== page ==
Five-year-old Mack Lyons was having a great time sliding down the 25-foot long slide at EdVenture’s Snowville in Columbia on Saturday.
So much so that his father, also named Mack, decided to give it a go.
“Alright, I’m going down,” he said.
The Ridgeville resident marched to the top of the slide, and, like the line of children behind him, waited until it was his turn.
“I like it,” he said later, holding his son’s hand. “It’s fast.”
One of the newest features of the revamped seasonal exhibit, the slide was a big hit Saturday with children and parents alike. Now in its fifth year, Snowville is back and better than before, officials with the children’s museum say.
“It’s definitely the most popular place in the museum right now,” said EdVenture’s manager on duty, Ben Hawfield.
Last year, the exhibit took the year off while staff members made changes and added new features such as a carpeted hockey rink and, of course, the bigger, more adult-friendly slide. The original, smaller-scale slide is still there but appears to have been taken over by toddlers.
In addition to the thrill of tubing, visitors to the exhibit learn about polar bears, Mount Everest and the Arctic, then have a chance to hurl snowballs at each other.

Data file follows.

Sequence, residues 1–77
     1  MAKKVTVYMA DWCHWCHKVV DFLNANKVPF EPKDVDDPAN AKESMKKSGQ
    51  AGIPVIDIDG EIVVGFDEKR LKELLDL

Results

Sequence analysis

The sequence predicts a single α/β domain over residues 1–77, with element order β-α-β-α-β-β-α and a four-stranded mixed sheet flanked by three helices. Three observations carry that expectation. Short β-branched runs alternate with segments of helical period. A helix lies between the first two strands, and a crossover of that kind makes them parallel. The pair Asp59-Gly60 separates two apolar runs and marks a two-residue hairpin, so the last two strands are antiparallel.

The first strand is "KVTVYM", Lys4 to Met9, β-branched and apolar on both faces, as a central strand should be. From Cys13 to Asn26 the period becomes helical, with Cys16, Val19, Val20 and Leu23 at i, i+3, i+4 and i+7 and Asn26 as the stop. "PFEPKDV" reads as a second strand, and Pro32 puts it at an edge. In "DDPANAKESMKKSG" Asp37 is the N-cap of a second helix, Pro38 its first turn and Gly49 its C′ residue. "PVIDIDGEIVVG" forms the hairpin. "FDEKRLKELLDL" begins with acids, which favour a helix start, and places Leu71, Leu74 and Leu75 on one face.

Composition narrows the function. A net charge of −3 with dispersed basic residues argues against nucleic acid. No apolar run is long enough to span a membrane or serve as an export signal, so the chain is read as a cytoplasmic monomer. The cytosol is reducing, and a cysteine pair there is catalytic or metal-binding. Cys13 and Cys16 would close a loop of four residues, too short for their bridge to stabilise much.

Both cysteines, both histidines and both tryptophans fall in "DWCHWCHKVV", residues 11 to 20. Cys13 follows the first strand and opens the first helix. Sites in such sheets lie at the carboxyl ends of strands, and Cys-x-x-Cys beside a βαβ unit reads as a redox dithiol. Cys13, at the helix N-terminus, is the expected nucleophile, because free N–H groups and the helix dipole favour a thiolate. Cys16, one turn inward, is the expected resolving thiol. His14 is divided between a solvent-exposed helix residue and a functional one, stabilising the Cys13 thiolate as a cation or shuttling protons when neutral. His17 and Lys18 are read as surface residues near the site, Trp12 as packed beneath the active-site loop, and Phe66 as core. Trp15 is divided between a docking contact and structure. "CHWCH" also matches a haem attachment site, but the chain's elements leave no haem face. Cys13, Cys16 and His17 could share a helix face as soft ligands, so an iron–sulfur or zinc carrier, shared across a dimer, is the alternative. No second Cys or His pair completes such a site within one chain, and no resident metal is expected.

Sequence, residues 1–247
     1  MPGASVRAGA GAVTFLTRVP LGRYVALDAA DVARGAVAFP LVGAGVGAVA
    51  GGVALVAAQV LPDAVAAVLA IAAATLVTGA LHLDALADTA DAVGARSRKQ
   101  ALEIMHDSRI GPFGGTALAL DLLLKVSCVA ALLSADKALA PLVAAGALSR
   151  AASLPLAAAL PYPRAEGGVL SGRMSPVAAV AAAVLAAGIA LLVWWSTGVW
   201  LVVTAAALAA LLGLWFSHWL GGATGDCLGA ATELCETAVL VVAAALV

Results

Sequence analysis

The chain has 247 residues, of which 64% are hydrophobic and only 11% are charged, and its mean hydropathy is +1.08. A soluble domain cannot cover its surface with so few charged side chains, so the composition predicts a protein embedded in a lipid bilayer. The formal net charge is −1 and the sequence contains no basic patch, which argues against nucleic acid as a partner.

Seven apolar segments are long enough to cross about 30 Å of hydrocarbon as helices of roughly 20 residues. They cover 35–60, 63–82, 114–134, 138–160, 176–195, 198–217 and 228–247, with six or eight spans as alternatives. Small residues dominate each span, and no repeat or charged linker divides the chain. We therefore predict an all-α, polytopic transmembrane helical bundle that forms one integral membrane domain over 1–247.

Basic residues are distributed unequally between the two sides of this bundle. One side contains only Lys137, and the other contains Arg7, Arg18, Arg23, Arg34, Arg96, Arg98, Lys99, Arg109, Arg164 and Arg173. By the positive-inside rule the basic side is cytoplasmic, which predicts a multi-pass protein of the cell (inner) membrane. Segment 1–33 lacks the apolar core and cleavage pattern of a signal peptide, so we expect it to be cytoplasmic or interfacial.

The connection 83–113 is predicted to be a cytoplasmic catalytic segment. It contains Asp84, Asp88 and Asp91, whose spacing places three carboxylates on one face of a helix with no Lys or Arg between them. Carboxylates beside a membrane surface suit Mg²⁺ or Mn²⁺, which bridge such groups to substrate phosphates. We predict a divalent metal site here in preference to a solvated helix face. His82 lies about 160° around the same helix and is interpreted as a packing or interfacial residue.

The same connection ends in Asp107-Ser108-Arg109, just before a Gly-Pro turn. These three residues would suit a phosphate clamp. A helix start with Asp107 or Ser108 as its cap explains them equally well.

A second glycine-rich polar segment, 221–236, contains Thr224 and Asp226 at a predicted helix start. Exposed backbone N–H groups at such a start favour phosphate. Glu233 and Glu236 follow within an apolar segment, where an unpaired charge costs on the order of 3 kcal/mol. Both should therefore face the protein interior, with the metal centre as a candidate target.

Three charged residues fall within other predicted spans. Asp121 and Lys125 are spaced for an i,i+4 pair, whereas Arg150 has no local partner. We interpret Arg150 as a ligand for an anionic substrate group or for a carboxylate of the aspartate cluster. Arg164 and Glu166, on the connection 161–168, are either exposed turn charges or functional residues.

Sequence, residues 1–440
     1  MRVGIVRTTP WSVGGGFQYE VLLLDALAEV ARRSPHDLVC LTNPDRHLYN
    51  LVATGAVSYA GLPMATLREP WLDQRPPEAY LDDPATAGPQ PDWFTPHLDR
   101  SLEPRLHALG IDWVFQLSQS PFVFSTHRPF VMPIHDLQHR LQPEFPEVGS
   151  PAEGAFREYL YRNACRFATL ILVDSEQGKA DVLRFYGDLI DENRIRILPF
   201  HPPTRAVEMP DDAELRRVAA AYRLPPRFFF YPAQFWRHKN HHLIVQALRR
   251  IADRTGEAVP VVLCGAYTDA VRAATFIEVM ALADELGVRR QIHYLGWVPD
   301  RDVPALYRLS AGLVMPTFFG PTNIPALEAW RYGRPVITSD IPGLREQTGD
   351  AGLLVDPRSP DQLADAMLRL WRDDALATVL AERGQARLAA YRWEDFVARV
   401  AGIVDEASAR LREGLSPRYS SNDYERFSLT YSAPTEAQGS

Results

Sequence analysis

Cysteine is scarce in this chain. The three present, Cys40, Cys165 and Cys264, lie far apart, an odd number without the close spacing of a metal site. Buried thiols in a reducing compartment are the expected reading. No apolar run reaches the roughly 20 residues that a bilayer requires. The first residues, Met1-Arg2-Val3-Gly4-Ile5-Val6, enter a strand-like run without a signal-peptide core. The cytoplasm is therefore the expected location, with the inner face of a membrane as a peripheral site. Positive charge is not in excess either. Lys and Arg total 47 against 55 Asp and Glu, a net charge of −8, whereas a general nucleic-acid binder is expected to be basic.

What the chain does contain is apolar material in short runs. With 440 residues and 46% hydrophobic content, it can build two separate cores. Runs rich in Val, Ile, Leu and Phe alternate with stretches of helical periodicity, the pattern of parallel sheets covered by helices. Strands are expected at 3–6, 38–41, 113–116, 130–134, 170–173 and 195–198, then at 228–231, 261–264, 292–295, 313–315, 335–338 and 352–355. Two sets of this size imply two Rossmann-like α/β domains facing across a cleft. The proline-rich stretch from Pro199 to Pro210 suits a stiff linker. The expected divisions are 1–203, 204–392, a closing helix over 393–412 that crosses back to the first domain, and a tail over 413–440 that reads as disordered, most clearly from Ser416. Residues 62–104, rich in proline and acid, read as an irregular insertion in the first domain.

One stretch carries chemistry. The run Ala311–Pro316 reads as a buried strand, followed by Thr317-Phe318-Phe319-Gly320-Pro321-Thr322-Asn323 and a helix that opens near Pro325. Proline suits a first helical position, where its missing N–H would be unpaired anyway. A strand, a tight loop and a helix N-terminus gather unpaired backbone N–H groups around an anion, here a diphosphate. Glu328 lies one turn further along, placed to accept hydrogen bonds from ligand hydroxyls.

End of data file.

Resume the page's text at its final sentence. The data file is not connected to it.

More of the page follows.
Many on Saturday said it may be their only chance to glimpse the real thing this season.
“It lets them have just a little taste of snow,” said Elizabeth Hunt, of Cayce. Hunt and her husband, Paul, were watching their grandchildren, Anna, 11, and Ian, 8, of Lexington, exchange shots at the snowball blaster.
After the exhibit and a bite to eat, the group was heading downtown to Columbia’s newly opened “Main Street Ice.” EdVenture’s public programs coordinator, Jessica Baldwin, thought the outdoor ice skating rink tie-in was a good idea.
The exhibit and its adjunct programs are not only fun but educational, she said.
Young visitors, for example, are shown how marshmallows dipped in liquid nitrogen, one of the coldest substances on the planet, can turn rock solid. Another demonstration shows how to grow fake snow by adding water to a polymer.
“It’s really kind of cool to have snow grow right in your hand,” she said. “And that doesn’t happen outside.”
Reach Lucas at (803) 771-8657.